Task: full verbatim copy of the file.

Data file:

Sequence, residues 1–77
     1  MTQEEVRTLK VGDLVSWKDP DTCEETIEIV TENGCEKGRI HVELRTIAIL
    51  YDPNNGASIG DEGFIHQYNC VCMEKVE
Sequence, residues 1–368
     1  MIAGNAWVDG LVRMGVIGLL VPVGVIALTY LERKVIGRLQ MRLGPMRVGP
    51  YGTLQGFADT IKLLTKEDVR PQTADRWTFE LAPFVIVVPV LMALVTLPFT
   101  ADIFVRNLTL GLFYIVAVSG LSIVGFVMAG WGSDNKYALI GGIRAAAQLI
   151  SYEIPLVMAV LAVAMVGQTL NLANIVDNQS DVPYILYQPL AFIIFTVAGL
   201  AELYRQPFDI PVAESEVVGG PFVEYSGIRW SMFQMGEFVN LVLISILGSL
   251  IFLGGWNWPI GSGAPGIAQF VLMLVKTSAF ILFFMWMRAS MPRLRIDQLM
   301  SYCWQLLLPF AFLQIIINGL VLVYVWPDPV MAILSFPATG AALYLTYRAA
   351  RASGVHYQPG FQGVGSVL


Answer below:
Sequence, residues 1–77
     1  MTQEEVRTLK VGDLVSWKDP DTCEETIEIV TENGCEKGRI HVELRTIAIL
    51  YDPNNGASIG DEGFIHQYNC VCMEKVE
Sequence, residues 1–368
     1  MIAGNAWVDG LVRMGVIGLL VPVGVIALTY LERKVIGRLQ MRLGPMRVGP
    51  YGTLQGFADT IKLLTKEDVR PQTADRWTFE LAPFVIVVPV LMALVTLPFT
   101  ADIFVRNLTL GLFYIVAVSG LSIVGFVMAG WGSDNKYALI GGIRAAAQLI
   151  SYEIPLVMAV LAVAMVGQTL NLANIVDNQS DVPYILYQPL AFIIFTVAGL
   201  AELYRQPFDI PVAESEVVGG PFVEYSGIRW SMFQMGEFVN LVLISILGSL
   251  IFLGGWNWPI GSGAPGIAQF VLMLVKTSAF ILFFMWMRAS MPRLRIDQLM
   301  SYCWQLLLPF AFLQIIINGL VLVYVWPDPV MAILSFPATG AALYLTYRAA
   351  RASGVHYQPG FQGVGSVL